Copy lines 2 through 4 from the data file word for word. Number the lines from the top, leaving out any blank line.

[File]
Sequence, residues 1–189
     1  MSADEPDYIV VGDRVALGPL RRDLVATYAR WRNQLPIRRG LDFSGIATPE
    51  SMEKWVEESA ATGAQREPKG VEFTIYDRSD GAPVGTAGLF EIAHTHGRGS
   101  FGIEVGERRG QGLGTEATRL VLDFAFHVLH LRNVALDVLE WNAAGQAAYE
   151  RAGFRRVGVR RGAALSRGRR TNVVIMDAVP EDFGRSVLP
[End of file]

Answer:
     1  MSADEPDYIV VGDRVALGPL RRDLVATYAR WRNQLPIRRG LDFSGIATPE
    51  SMEKWVEESA ATGAQREPKG VEFTIYDRSD GAPVGTAGLF EIAHTHGRGS
   101  FGIEVGERRG QGLGTEATRL VLDFAFHVLH LRNVALDVLE WNAAGQAAYE